Searching over 5,500,000 cases.


searching
Buy This Entire Record For $7.95

Download the entire decision to receive the complete text, official citation,
docket number, dissents and concurrences, and footnotes for this case.

Learn more about what you receive with purchase of this case.

Raymond v. Berryhill

United States District Court, D. Oregon

April 26, 2017

ROBERT CORWIN RAYMOND, Plaintiff,
v.
NANCY A. BERRYHILL, Acting Commissioner of Social Security, Defendant.

          Merrill Schneider Attorney for Plaintiff

          Billy J. Williams Janice E. Hebert Cortney Garcia Attorneys for Defendant

          Cortney Garcia Social Security Administration 701 Fifth Avenue, Suite 2900 M/S 221A Seattle, WA 98103 Attorneys for Defendant

          OPINION & ORDER

          MARCO A. HERNÁNDEZ United States District Judge

         Plaintiff, Robert Corwin Raymond, brings this action for judicial review of the Commissioner's final decision denying his application for Supplemental Security Income (“SSI”) under Title XVI of the Social Security Act. The Court has jurisdiction under 42 U.S.C. § 405(g) (incorporated by 42 U.S.C. § 1382(c)(3)). The parties dispute whether Plaintiff is incapable of using a walking assistance device, such as a cane, in his non-dominant left hand, purportedly rendering him disabled. Because the Commissioner's disability decision failed to determine whether Plaintiff had the disputed limitation, the Court remands this case for further administrative proceedings consistent with this opinion.

         BACKGROUND

         Plaintiff was born on April 28, 1964, and was forty-eight years old when the Commissioner's decision was issued. Tr. 30.[1] Plaintiff has a seventh-grade education and has not earned a GED. Tr. 84-85. He has past relevant work experience as a gas station attendant. Tr. 106-07. On May 17, 2012, Plaintiff filed his application for SSI, alleging that his disability onset date was April 1, 2001. Tr. 132. His claim as initially denied on September 13, 2012, and again upon reconsideration on February 11, 2013. Tr. 132, 159. Plaintiff's first administrative hearing was held before Administrative Law Judge (“ALJ”) Andrew Grace on April 18, 2014. Tr. 77. After the conclusion the first hearing, ALJ Grace ordered that an additional consultative medical exam of Plaintiff be taken and a subsequent hearing be held. Tr. 20. Plaintiff's second hearing was held on January 9, 2015. Tr. 38. After the second hearing, the ALJ requested and obtained additional evidence based on Plaintiff's testimony. Tr. 20. On June 23, 2015, the ALJ issued a written opinion denying Plaintiff's application. Tr. 31. The Appeals Council denied Plaintiff's request for review, making the ALJ's opinion the Commissioner's final decision that Plaintiff now challenges in this Court. Tr. 5.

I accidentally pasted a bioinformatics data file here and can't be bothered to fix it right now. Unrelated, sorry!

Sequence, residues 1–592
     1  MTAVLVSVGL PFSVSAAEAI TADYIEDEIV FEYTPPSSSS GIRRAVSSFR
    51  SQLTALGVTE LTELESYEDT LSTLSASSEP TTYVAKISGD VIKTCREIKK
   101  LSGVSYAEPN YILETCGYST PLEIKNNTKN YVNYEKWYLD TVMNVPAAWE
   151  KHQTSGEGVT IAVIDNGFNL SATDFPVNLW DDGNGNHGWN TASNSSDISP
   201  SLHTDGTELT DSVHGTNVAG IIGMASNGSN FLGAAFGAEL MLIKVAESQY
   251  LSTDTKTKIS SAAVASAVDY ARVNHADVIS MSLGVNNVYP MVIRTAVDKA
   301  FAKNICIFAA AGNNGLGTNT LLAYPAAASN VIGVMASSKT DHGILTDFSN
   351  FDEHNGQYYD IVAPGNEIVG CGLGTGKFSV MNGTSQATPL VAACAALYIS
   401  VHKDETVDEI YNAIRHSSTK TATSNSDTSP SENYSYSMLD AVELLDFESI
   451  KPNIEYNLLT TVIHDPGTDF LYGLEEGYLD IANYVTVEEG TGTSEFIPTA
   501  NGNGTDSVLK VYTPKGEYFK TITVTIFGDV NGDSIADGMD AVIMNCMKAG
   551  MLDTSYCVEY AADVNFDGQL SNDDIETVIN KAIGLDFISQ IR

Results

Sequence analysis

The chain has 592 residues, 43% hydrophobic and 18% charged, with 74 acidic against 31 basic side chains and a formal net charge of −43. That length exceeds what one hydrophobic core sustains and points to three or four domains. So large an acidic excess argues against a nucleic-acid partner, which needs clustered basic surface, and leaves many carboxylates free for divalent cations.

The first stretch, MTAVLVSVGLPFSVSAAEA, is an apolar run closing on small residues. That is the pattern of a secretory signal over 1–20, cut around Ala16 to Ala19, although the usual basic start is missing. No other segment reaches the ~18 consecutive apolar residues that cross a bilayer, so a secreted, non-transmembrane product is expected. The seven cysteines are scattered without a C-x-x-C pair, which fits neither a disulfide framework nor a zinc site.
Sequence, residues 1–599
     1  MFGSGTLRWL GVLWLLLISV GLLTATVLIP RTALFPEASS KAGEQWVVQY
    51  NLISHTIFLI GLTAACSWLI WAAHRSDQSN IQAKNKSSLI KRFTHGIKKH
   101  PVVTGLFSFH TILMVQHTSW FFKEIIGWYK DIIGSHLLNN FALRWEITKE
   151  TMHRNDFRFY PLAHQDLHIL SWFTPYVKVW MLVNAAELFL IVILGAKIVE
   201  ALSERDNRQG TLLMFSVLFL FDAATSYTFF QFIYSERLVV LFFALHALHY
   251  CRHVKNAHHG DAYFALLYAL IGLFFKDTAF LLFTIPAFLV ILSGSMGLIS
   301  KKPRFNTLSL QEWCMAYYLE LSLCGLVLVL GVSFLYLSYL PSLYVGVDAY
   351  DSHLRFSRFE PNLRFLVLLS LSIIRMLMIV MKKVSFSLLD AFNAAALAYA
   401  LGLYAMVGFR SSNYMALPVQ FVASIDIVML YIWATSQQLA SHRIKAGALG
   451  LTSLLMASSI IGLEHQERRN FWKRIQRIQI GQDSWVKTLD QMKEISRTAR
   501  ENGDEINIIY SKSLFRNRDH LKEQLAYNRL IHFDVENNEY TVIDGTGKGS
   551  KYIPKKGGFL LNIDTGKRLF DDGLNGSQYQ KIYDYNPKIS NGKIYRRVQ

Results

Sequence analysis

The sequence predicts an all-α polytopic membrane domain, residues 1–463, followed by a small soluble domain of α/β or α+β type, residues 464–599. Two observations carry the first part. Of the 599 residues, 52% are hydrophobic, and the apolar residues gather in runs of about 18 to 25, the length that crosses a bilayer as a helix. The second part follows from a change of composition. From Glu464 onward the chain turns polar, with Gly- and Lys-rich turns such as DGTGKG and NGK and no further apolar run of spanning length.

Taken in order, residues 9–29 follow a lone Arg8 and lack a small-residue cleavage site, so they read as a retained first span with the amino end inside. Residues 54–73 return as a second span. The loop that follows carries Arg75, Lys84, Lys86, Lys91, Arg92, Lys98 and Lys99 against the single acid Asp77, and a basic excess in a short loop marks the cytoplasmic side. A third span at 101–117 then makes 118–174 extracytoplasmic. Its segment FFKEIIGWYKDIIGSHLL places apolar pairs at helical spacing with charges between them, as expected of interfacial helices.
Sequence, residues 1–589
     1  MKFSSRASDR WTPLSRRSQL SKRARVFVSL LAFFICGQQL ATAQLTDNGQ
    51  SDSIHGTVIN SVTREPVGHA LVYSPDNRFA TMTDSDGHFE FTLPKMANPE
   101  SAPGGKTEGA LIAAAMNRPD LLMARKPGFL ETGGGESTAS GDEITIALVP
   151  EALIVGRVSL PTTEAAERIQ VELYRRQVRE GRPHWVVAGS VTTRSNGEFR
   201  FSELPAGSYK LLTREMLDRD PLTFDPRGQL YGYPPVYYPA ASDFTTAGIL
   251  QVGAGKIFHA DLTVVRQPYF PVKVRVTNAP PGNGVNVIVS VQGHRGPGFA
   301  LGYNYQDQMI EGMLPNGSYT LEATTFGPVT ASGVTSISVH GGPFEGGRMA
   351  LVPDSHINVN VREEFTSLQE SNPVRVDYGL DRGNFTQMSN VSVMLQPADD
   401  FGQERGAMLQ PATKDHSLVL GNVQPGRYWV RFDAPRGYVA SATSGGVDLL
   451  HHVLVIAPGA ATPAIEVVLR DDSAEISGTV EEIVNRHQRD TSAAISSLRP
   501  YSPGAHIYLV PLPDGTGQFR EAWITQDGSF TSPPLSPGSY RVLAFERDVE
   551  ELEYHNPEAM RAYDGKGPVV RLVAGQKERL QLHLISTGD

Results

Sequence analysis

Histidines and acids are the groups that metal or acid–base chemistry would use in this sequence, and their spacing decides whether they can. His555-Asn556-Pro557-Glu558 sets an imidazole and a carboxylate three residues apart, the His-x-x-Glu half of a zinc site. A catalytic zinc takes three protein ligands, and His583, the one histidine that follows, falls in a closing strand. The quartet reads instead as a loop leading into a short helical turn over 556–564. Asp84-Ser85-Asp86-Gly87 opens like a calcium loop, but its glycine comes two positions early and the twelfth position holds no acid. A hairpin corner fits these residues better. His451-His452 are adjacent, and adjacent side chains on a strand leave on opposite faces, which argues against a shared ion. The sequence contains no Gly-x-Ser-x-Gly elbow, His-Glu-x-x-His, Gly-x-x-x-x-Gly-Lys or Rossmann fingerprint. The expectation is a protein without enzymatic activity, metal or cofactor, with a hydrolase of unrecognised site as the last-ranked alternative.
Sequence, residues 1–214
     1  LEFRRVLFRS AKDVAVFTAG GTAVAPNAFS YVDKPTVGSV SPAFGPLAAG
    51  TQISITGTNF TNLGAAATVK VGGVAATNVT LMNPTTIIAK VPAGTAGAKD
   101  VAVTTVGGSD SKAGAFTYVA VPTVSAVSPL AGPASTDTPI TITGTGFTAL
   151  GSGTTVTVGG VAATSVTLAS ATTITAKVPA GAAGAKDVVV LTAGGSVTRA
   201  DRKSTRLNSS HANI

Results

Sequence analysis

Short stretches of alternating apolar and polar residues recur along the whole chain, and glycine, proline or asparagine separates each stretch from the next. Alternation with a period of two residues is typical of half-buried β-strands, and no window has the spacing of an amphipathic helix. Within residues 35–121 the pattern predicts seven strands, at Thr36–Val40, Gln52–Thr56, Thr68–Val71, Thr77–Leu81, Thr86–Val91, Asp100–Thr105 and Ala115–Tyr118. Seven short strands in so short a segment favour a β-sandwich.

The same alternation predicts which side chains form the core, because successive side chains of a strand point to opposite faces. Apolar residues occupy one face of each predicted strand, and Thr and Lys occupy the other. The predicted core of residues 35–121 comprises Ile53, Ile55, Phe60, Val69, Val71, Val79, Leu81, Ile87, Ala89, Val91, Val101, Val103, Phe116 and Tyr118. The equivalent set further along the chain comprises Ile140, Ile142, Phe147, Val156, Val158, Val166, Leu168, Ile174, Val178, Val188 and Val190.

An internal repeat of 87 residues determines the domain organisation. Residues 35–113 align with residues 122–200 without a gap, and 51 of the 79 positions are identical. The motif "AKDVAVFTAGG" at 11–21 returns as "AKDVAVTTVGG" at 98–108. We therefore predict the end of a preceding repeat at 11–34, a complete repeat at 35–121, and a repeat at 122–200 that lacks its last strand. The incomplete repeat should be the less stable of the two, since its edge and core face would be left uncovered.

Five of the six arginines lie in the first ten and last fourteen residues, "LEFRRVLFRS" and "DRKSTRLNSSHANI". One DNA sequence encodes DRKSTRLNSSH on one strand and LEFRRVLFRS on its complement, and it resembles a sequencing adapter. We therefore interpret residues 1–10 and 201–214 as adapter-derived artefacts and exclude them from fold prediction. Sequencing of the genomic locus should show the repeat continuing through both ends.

SEQUENTIAL DISABILITY ANALYSIS

         A claimant is disabled if she is unable to “engage in any substantial gainful activity by reason of any medically determinable physical or mental impairment which . . . has lasted or can be expected to last for a continuous period of not less than 12 months.” 42 U.S.C. § 423(d)(1)(A). Disability claims are evaluated according to a five-step procedure. Valentine v. Comm'r Soc. Sec. Admin., 574 F.3d 685, 689 (9th Cir. 2009). The claimant bears the ultimate burden of proving disability. Id.

         At the first step, the Commissioner determines whether a claimant is engaged in “substantial gainful activity.” If so, the claimant is not disabled. Bowen v. Yuckert, 482 U.S. 137, 140 (1987); 20 C.F.R. §§ 404.1520(b), 416.920(b). At step two, the Commissioner determines whether the claimant has a “medically severe impairment or combination of impairments.” Yuckert, 482 U.S. at 140-41; 20 C.F.R. §§ 404.1520(c), 416.920(c). If not, the claimant is not disabled.

         At step three, the Commissioner determines whether claimant's impairments, singly or in combination, meet or equal “one of a number of listed impairments that the [Commissioner] acknowledges are so severe as to preclude substantial gainful activity.” Yuckert, 482 U.S. at 141; 20 C.F.R. §§ 404.1520(d), 416.920(d). If so, the claimant is conclusively presumed disabled; if not, the Commissioner proceeds to step four. Yuckert, 482 U.S. at 141.

         At step four, the Commissioner determines whether the claimant, despite any impairment(s), has the residual functional capacity (“RFC”) to perform “past relevant work.” 20 C.F.R. §§ 404.1520(e), 416.920(e). If the claimant can, the claimant is not disabled. If the claimant cannot perform past relevant work, the burden shifts to the Commissioner. At step five, the Commissioner must establish that the claimant can perform other work. Yuckert, 482 U.S. at 141-42; 20 C.F.R. §§ 404.1520(e) & (f), 416.920(e) & (f). If the Commissioner meets its burden and proves that the claimant is able to perform other work which exists in the national economy, the claimant is not disabled. 20 C.F.R. §§ 404.1566, 416.966.

         THE ALJ'S DECISION

         At step one, the ALJ found that Plaintiff had not engaged in substantial gainful activity ...


Buy This Entire Record For $7.95

Download the entire decision to receive the complete text, official citation,
docket number, dissents and concurrences, and footnotes for this case.

Learn more about what you receive with purchase of this case.